Karjakin - Anand        
Caruana - Andreikin        

2013 Tal Memorial | Round 5 standings

# Player Rating 1 2 3 4 5 6 7 8 9 0 Points SB
1 Nakamura,H 2784 * 0 ½ 1 1 1 3.5/5 7.25
2 Gelfand,B 2755 * ½ 1 ½ ½ 1 3.5/5 7.25
3 Mamedyarov,S 2753 1 * ½ ½ ½ ½ 3.0/5 7.25
4 Carlsen,M 2864 * ½ 0 ½ 1 1 3.0/5 5.75
5 Andreikin,D 2713 ½ ½ ½ * ½ ½ 2.5/5 6.75
6 Caruana,F 2774 0 0 ½ 1 * 1 2.5/5 6.50
7 Karjakin,S 2782 0 ½ ½ ½ * ½ 2.0/5 5.50
8 Anand,V 2786 ½ 0 ½ 0 * 1 2.0/5 4.50
9 Morozevich,A 2760 0 ½ ½ 0 * ½ 1.5/5 3.50
10 Kramnik,V 2803 0 ½ 0 ½ ½ * 1.5/5 3.25


The 8th Tal Memorial takes place June 12-23, 2013 at the technology center Digital October in Moscow, Russia. The total prize fund is 100,000 EUR. The official website is providing live games, streaming video and commentary in Russian by GMs Alexander Grischuk, Peter Svidler, Sergey Rublevsky and Sergey Shipov. The games start each day at 15:00 local time which is 13:00 CET, 10:00 EDT and 07:00 PDT. The last round starts two hours earlier. Photos © Eteri Kublashvili courtesy of the Russian Chess Federation. Games via TWIC.

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Comentarios


  • hace 13 meses

    ErwinSachs

    Seems it will be ' Carlsen this...Carlsen that ' for many years to come...lol

  • hace 13 meses

    SchuBomb

    Even if there is bias.... Seriously, why assume that bias is based on racism? Calling racism with no provocation is like the boy who cried wolf: when the real racism comes and you complain, people won't believe you.

  • hace 13 meses

    ShylaSerina

    Bolan_Yongshi: My brain is leased out to you, as it appears you need it more than anything else. Seeing how your deepest comments are all about smileys and nothing else.:D:D:D

  • hace 13 meses

    drumdaddy

    If the colors were switched and Anand had won with the white pieces with the same moves as seen in the game, it's likely that webmaster would have headlined "Anand Crushes Carlsen". It was simply that kind of a game. I admire both players greatly and I detect journalistic fairness in these columns. The upcoming WC is still a toss up in my mind since both gentlemen are geniuses of the game. Great reporting, webmaster.

  • hace 13 meses

    conanbarbarian

    I totally agree Chess.com being subjective. It's always Carlsen this and Carlsen that and it's getting on my nerves (and I usually prefer Carlsen over Anand but this is annoying). Last shred of decency on this site has gone away with Sonofpearl...so pretty please with sugar on top BUGGER OFF!

  • hace 13 meses

    ShylaSerina

    So Carlsen gets big bold "Crushing" headline but all Naka gets is "Also beats"?

  • hace 13 meses

    SchuBomb

    Would it have been racism if it were Anand crushing Carlsen? No. It's not racism to say that it was a crushing win. It would be just as crushing a win against anyone.

  • hace 13 meses

    cvetlicnivitez

    Ahahahaha, i really doubt this is racism, they probably just prefer Magnus, the same way, you like some football player better than the other, and always talk of him a bit more subjectively :)

  • hace 13 meses

    ShylaSerina

    All said and done  the chess.com report is so objective and impartial isn't it? First we get "Nakamura Also Beats Caruana" but then came "Carlsen Crushes Anand". I Don't want to be the first to accuse chess.com staff of racism and prejudice... please, some one else do the honors. Or is it honours?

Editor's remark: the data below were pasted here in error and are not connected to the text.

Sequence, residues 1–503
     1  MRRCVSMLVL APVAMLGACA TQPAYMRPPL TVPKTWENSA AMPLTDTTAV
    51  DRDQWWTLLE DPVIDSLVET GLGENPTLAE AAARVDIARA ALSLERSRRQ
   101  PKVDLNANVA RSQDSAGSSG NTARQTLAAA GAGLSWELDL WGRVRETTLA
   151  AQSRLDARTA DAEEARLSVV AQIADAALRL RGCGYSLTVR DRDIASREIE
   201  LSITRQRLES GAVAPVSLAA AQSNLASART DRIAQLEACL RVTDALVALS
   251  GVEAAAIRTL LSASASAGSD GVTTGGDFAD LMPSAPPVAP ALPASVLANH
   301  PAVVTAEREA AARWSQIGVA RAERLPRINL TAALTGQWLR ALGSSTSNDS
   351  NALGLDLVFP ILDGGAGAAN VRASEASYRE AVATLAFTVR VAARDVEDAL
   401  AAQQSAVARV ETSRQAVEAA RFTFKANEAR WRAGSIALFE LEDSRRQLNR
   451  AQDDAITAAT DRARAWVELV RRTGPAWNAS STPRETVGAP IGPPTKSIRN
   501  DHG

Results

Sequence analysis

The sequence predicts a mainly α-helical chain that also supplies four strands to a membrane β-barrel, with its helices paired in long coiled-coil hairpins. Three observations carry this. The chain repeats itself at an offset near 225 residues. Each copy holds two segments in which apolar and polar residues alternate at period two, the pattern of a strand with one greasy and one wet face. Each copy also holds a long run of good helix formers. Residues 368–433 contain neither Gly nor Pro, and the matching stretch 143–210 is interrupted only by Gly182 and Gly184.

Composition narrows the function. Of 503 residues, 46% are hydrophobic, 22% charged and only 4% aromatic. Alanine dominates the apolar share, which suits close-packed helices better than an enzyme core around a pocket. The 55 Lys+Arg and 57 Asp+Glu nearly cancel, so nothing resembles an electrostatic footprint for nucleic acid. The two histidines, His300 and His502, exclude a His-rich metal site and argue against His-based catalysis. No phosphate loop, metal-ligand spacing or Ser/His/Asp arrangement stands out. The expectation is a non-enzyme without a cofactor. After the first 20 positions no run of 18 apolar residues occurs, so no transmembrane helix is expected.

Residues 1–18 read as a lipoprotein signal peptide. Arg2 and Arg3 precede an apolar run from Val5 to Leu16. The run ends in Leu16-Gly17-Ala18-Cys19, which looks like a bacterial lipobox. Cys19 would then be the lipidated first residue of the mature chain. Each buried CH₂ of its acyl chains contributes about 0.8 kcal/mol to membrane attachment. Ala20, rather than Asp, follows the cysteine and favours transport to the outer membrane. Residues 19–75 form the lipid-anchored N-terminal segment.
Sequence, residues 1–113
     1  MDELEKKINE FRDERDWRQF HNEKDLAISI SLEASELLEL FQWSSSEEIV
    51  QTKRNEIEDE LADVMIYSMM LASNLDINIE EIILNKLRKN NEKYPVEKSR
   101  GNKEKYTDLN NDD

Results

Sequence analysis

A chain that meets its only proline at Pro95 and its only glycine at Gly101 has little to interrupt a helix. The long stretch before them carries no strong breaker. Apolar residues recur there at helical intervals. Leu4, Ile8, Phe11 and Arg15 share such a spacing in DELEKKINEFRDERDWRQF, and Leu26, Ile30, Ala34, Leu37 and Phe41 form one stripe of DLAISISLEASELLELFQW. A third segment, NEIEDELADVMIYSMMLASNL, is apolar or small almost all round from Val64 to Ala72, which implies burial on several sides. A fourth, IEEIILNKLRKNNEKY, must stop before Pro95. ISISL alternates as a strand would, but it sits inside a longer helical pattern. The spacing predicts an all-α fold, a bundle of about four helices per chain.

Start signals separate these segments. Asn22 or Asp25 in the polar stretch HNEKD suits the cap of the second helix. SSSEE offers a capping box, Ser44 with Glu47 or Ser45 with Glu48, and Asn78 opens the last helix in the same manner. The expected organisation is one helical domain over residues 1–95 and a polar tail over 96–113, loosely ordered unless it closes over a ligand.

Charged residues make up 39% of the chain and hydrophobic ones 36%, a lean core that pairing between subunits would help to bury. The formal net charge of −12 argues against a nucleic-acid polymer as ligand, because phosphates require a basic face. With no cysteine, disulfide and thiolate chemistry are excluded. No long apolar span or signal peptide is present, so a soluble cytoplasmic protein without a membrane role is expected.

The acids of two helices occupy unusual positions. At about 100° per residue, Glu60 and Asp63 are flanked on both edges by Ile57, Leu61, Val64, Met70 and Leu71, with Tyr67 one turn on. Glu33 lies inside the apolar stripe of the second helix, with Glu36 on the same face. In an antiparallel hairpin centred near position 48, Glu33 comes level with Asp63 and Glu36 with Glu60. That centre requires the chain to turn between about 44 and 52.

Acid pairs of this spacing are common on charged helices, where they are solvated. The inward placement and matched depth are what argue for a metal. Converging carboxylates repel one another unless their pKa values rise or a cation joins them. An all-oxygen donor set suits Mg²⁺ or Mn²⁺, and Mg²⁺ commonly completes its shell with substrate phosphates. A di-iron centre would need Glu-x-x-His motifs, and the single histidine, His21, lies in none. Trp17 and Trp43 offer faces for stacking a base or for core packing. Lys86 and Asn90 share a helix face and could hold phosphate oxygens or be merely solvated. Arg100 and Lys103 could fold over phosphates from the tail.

• hace 13 meses

    Twobit

    Wow now Naka beat Anand!

  • hace 13 meses

    ShylaSerina

    Just about anyone crushes Anand these days. Naka just busted Anand's 'nads in Round 6. Time for Anand to retire and take up coaching :)

  • hace 13 meses

    albatrosses

    Anand is the one who wouldn't know what hit him after Carlsen crushes him again in their match.

  • hace 13 meses

    conanbarbarian

    Anand is pretending to be intimidated by Carlsen, very clever strategy one must say. And the youngster has just taken the bait. Now I'm sure Indidan will defend his title, Carlsen won't know what hit him after the match is over. Shame

  • hace 13 meses

    RogerOT

    Gelfand's final move (33.Qd6)was not the best.

    33.Nd6 wins much quicker.Smile

  • hace 13 meses

    goutham32kog

    we cannot say anything yet....the stronger one wins the championship, it's as simple as that

  • hace 13 meses

    ErwinSachs

    Great tactics by Gelfand ......jeezz it was majestic!!

  • hace 13 meses

    bachofchess

    Today Gelfand-Carlsen and Anand-Nakamura. Who will lead after this round will be interesting to see!

  • hace 13 meses

    Miss_Sporty135

    Anand just putting magnus into false sense of security.Tongue Out

  • hace 13 meses

    chessdoggblack

    Comments on Gelfand proves without checking the history of players we often become amazed with their tactics. Gelfand does his homework - which is that he studies chess first everyday and after study entertains other engagements. This old school shark is one of the last three to remain; Ivanchuk follows the same pattern, I am not sure on Anand, but he's methodical and remains in the top ten constantly. Never be surprised by any of these guys. Remember: Gelfand was in the last WCC match with non other than Anand. These chess sharks have a wealth of knowledge and awards and refuse to concede to the young sharks. These guys give a little and take a lot. In the end they all have very large teeth. Beware.Laughing

  • hace 13 meses

    goodhabit

    interesting games,strong moves ,too early to judge both sides